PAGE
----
The lighting looks natural.
Especially the big cubes in the back have a weird light. Although the sun has so much less power, the area is actually bigger and the sky value are much closer to the values of the sun. Thats why the rendering was so blueish before the balancing step.
Multipling the scene in Nuke by 0.05 show only 5 percent of the light. Everything is very dark, only the sunlight is still bright.
This is only 5 percent of the light intensity. Some of the cubes seem to emit light, because they are still so bright.

Theta S HDRI – “fake” a new sun.

To make more out of the rendering with the Theta-S HDRI, I merged the sun from the Canon 5D HDRI and replaced the “weak” sun.

Now the shadows are back and the overall rendering looks better and more like sunlight. Also the long shadows visible in the HDRI are visible now in the rendering.
With a little bit more of bad retouching the direct sun reflection on the ground tiles of the HDR is painted out and the halo around the Theta-S HDR is reduced. On the material ball on the left you can see the bad retouch work. But overall the fixed THETA-S HDRI looks now very similar to the…
Rendering with the Canon 5D HDRI.


Comparing the last two images doesn’t show a lot of difference in the quality of light. Is the Theta-S HDRI with the sun taken from the Canon HDRI accurate? For sure not, but it looks good.
But if the job is to comp in a CG car into the “Hamburg Hafencity” scenery and the camera plates & HDRI were taken only minutes apart – then it might be easier to place the 3D car with a realistic light in the scene when the camera plates and HDRI have the highest quality.

On the other hand at some point you will also get the desired look with a poorer quality HDRI – it might just take a lot longer to get there.

Examples with good and bad Theta-S HDRIs.

Last but not least – here are some more renderings of bad and good HDRIs that I made with the Theta S in the last years. Somehow I look forward to the new Theta-Z1, although it still cannot compete with a DSLR in bright sunlight of course.

The following examples are HDRI, the rendered image and the balanced result with the middle grey patch at about 0.180.

The bad…

HDRI – Seville – Parque Miraflores – low sun – almost no dynamic range values in the sun not even 1.0.
Rendering – very blue and very dark rendering – looks like day for night.
Balanced to 18% grey – At least now it is bright, but no long shadows from the sun are visible.
Seville again – Parque Miraflores – sun has a value of about 1.7.
Again very blue, the blue sky is having far too much influence on the rendering.
Balancing helps, but where is the sunny feeling?
Aberdeen – university – sadly a bad example – the clouds clip at 2.0.
Dark result.
The HDRI was taking in the shadow – so the result is actually not that bad.

…and the good ones.

Seville – university, late afternoon the sun is not directly visible, sun values up to 25.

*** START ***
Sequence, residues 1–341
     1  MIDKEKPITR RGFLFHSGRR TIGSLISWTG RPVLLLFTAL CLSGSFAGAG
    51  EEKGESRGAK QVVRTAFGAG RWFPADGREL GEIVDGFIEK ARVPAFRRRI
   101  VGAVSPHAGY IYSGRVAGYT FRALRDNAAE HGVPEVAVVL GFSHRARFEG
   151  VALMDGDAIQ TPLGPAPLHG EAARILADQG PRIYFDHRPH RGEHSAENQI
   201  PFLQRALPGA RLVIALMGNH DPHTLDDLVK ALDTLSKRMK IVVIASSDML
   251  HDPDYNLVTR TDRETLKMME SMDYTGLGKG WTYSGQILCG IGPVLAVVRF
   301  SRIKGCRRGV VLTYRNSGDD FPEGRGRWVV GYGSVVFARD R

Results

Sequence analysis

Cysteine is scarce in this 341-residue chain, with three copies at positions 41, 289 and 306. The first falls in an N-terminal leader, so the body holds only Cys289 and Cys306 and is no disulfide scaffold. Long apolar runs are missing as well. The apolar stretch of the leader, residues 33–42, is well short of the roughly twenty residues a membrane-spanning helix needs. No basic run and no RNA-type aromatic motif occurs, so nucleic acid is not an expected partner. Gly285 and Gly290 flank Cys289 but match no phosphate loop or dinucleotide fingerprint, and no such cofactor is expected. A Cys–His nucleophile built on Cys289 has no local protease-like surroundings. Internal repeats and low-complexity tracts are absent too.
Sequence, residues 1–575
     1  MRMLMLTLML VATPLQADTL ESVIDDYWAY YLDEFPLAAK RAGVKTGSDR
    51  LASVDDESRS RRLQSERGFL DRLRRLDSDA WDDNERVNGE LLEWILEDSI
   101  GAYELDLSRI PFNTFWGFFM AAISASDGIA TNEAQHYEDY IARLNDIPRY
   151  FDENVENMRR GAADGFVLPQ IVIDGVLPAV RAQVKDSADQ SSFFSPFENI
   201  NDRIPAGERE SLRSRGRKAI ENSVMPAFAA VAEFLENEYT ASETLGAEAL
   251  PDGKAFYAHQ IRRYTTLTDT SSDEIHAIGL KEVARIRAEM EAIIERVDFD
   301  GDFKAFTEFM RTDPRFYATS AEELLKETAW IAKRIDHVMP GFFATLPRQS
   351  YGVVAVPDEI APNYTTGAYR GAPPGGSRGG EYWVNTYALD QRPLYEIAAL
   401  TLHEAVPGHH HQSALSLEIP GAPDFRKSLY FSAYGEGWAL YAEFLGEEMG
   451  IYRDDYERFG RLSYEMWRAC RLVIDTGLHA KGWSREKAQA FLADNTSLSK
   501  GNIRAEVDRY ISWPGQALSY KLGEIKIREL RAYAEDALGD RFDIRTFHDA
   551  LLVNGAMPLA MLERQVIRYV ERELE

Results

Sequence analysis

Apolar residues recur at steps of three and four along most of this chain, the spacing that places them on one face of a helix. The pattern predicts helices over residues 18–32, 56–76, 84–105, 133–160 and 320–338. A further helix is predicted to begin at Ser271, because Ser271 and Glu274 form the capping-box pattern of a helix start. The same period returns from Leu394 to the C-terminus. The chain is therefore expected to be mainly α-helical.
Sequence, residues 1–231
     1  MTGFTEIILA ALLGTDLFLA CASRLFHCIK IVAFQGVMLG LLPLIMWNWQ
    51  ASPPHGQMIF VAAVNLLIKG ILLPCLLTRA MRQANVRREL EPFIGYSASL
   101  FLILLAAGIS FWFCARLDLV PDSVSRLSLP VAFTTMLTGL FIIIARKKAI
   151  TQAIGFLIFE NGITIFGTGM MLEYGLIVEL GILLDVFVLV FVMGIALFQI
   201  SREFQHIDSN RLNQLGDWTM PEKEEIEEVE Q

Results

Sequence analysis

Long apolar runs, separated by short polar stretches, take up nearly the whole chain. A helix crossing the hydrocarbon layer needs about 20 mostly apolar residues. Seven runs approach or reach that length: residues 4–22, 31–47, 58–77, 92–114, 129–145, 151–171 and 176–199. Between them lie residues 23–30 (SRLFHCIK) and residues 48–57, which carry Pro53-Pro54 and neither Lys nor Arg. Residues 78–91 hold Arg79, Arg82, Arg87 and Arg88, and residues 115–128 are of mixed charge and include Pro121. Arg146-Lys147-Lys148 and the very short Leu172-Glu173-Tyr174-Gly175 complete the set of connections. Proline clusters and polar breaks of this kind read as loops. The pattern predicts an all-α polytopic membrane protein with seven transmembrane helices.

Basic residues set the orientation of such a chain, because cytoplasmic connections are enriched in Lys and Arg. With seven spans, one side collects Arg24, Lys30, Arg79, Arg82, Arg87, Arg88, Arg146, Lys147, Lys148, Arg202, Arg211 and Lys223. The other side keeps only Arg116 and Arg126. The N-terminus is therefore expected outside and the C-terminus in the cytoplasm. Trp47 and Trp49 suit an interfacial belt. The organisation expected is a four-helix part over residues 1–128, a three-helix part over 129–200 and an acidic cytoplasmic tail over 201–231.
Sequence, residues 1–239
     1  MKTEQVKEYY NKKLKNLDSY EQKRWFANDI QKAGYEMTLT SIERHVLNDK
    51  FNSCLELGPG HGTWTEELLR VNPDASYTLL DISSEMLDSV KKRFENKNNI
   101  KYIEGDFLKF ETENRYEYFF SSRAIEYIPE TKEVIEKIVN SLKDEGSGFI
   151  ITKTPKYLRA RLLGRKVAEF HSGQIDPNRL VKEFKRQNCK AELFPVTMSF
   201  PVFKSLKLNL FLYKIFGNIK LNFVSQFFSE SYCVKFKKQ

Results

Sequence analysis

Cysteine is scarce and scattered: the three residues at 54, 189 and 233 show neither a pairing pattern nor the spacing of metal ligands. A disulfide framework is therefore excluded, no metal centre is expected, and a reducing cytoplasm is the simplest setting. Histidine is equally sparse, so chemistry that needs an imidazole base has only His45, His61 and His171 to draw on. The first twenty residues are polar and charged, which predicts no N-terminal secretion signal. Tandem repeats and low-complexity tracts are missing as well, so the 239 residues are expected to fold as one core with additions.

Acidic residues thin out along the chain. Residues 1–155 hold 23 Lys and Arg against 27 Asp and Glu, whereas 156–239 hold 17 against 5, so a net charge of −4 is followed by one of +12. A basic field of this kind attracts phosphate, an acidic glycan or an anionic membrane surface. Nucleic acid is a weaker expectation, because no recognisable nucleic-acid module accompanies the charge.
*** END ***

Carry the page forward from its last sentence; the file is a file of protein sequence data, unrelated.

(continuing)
A much better result with a good contrast.
Balancing the image makes it actually slightly darker.
Seville – university inside the building. The brightest areas on the ceiling are around 15.
The ground I use is darker than the floor in the HDRI. The rendering feels a little dark.
Balancing darkens the rendering even further.
Edinburgh – Armchair Books – surrounded by books and lamps which clip at around 66!
So many lights are creating a lot of interesting shadows and a good contrast.
Balancing is not helping visually – the mood of this wonderful place is vanishing.
Scotland – Inverness – Leaskeys Bookshop and Café – the ceiling lamps are around 55.
A dark and moody rendering with multiple shadows.
Balancing is taking a little bit the mood out again of the image.
Scotland – Dunnottar Castle – sadly the clouds are clipping around 3.5.
But the result looks quite good.
Balancing brightens the image a bit.
Madrid – Botanic Gardens – inside a turned off fountain for winter . No direct sun up to values of 60.
The rendering is a little too bright.
Balancing brings it back to a good level in this case.
Madrid – Botanic Gardens – Some minutes later, on top of a small fountain. No direct sun, the sunlit houses having values up to only 6.
Rendering has a good exposure.
Balancing is nearly having any effect.
Madrid – church next to El Prado. Small lamp areas are between 6 to 60 to over 120 for one small lamp.
good contrast, but a little bluish.
This light feels quite similar to the sensation standing there next to the church.
Ratzeburg/Germany – inside a church – the brightest windows have a value of around 30.
The rendering is quite dark.
I dient have a colochart for the HDRI – that’s why the balancing is a little too bright here.
Ratzeburg/Germany – inside a church – the brightest windows have a value of around 55, but only in the blue channel.
And the rendering has a blue tint.
Again no colorchart was used for this HDRI. But the balancing feels more right here.